May 18 - Unprecedented Censorship of Intelligence Officials and a Cut Off of Access to the Press; A New Foreign Policy from India's New Nationalist Leader; Is Modi a Hindu Fundamentalist or a Cynical and Dangerous Politician?

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Full Program



Part 1

We begin with the new pre-publication review policy issued by the Office of the Director of National Intelligence that bars officials in all 17 intelligence agencies from speaking without permission to journalists about unclassified information related to intelligence at the risk of civil penalties and the loss of security clearances and access. Scott Horton, a professor at Columbia Law School and a contributing editor at Harpers in legal affairs and national security, joins us to discuss renewed efforts to censor even unclassified government information and cut off access to the press as well as a Scott Horton’s latest article at Harpers that blows holes in the government’s claims about the deaths of three prisoners at Guantanamo “The Guantanamo “Suicides”: A Camp Delta sergeant blows the whistle”.

scott horton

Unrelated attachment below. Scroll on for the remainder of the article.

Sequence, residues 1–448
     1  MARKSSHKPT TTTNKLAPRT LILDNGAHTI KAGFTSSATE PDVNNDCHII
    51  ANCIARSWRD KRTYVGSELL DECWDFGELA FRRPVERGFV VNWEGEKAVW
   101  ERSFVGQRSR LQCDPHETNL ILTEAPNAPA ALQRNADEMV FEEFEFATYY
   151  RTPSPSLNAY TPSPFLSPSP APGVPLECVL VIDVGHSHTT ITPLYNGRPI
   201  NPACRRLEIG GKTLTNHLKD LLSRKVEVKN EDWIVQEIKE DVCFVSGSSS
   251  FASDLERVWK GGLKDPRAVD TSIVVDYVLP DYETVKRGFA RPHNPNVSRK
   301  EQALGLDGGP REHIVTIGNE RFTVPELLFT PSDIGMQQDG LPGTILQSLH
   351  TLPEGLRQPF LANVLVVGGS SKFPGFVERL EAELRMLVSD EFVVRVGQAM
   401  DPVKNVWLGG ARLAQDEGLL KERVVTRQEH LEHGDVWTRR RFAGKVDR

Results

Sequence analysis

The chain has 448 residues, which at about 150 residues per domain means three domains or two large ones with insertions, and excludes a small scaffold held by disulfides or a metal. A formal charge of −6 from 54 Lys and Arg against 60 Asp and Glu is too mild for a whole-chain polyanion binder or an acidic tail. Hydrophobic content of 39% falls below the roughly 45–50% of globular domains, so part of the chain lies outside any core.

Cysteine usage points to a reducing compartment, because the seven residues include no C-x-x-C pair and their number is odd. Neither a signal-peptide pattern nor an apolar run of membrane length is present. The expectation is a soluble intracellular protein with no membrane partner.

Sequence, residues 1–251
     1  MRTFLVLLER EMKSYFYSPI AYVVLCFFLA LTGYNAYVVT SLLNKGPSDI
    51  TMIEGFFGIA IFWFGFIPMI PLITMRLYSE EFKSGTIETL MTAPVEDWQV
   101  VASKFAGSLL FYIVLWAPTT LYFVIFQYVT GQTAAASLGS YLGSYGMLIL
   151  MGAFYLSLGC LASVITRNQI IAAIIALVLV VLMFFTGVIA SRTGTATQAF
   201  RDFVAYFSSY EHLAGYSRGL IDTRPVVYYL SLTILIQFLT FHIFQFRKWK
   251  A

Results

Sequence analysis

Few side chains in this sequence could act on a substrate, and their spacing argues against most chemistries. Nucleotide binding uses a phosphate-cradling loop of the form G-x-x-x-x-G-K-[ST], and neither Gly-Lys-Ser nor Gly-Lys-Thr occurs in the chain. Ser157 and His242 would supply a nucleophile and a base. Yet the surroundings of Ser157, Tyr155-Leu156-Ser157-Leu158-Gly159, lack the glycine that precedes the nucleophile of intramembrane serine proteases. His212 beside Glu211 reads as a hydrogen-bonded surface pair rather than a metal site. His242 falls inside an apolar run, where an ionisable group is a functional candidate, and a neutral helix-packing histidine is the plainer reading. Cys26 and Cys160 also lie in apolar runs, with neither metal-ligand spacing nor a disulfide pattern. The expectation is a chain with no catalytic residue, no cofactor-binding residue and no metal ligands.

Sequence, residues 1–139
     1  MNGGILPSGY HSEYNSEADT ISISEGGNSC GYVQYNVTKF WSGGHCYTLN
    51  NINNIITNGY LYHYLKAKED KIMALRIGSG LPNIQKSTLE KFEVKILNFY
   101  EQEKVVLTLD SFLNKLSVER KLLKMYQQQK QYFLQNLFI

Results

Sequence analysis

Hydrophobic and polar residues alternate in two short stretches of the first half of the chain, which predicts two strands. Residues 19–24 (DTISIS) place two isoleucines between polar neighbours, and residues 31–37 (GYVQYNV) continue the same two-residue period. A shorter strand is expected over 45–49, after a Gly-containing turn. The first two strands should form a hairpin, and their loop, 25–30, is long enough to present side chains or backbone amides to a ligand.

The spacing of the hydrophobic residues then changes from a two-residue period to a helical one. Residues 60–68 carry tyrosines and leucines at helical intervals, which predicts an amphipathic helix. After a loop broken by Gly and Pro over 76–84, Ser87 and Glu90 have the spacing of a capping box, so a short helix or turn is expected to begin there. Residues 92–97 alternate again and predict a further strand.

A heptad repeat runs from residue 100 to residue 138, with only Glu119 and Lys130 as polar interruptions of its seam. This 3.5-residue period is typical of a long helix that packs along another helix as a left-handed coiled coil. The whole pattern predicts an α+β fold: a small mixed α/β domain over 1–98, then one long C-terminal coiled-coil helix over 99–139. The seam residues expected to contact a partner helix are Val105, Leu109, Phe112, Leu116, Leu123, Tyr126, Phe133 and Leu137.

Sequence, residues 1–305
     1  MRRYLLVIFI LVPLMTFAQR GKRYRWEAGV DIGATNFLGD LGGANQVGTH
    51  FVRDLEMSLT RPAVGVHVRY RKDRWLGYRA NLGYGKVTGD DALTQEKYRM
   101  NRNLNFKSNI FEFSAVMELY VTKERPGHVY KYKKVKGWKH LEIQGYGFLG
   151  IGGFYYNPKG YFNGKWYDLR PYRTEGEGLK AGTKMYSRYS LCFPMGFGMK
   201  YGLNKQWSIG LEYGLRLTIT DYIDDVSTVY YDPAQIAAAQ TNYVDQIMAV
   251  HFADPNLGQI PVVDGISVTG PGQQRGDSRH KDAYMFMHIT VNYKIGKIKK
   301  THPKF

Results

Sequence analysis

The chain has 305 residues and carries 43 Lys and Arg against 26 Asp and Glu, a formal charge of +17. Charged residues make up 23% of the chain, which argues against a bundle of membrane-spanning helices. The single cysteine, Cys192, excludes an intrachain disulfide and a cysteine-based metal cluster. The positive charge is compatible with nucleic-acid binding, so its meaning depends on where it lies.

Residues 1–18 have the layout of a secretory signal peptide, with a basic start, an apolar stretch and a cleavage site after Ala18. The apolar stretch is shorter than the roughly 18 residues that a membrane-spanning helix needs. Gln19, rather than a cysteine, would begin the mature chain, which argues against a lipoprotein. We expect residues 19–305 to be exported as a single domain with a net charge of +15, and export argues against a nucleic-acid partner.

Part 2

Then we examine the likely foreign policy impact of a new and more  assertive nationalist leader of India, Narendra Modi, and speak with Ashley Tellis who served a a senior advisor to the ambassador at the U.S. embassy in New Delhi and on the National Security Council staff as special assistant to the president and senior director for strategic planning and Southwest Asia. We will discuss the strategic implications towards China of Modi’s close personal ties to Japan’s nationalistic leader Shinzo Abe and the complications of a more assertive policy towards Pakistan.

ashley tellis


Part 3

Then finally we get a more personal analysis of the man who is India’s new Prime Minister and examine Modi’s Hindu fundamentalist roots and the legal implications of his cover-up of a previous marriage with a child of his. Dr. Abusaleh Shariff, the Executive Director and Chief Scholar at the U.S.-India Policy Institute in Washington D.C. who is engaged in policy research that impacts both the U.S. and Indian governments, joins us to discuss a leader who may be more cynical than pious, who uses religion as a divisive political tool without taking responsibility for the sectarian violence that often ensues religious incitement.